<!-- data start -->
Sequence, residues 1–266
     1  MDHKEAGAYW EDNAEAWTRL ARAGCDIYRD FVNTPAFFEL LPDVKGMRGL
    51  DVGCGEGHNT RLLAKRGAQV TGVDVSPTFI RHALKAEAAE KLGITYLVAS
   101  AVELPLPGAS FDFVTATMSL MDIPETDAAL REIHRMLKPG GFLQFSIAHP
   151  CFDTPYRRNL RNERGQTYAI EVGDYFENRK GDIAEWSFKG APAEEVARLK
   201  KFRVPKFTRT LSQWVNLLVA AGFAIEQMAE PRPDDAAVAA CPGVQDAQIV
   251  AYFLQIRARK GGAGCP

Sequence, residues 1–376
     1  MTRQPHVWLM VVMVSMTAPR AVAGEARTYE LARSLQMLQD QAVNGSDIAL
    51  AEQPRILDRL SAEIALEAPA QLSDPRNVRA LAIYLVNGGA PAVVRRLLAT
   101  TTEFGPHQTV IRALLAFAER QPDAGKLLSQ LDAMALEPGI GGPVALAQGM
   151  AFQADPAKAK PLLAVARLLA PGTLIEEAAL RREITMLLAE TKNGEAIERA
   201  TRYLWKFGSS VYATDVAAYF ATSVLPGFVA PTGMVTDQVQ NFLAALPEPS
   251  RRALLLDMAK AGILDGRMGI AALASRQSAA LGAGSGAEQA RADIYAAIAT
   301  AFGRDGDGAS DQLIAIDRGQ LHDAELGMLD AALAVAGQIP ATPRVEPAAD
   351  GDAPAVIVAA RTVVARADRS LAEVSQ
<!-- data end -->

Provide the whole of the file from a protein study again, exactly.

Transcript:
Sequence, residues 1–266
     1  MDHKEAGAYW EDNAEAWTRL ARAGCDIYRD FVNTPAFFEL LPDVKGMRGL
    51  DVGCGEGHNT RLLAKRGAQV TGVDVSPTFI RHALKAEAAE KLGITYLVAS
   101  AVELPLPGAS FDFVTATMSL MDIPETDAAL REIHRMLKPG GFLQFSIAHP
   151  CFDTPYRRNL RNERGQTYAI EVGDYFENRK GDIAEWSFKG APAEEVARLK
   201  KFRVPKFTRT LSQWVNLLVA AGFAIEQMAE PRPDDAAVAA CPGVQDAQIV
   251  AYFLQIRARK GGAGCP

Sequence, residues 1–376
     1  MTRQPHVWLM VVMVSMTAPR AVAGEARTYE LARSLQMLQD QAVNGSDIAL
    51  AEQPRILDRL SAEIALEAPA QLSDPRNVRA LAIYLVNGGA PAVVRRLLAT
   101  TTEFGPHQTV IRALLAFAER QPDAGKLLSQ LDAMALEPGI GGPVALAQGM
   151  AFQADPAKAK PLLAVARLLA PGTLIEEAAL RREITMLLAE TKNGEAIERA
   201  TRYLWKFGSS VYATDVAAYF ATSVLPGFVA PTGMVTDQVQ NFLAALPEPS
   251  RRALLLDMAK AGILDGRMGI AALASRQSAA LGAGSGAEQA RADIYAAIAT
   301  AFGRDGDGAS DQLIAIDRGQ LHDAELGMLD AALAVAGQIP ATPRVEPAAD
   351  GDAPAVIVAA RTVVARADRS LAEVSQ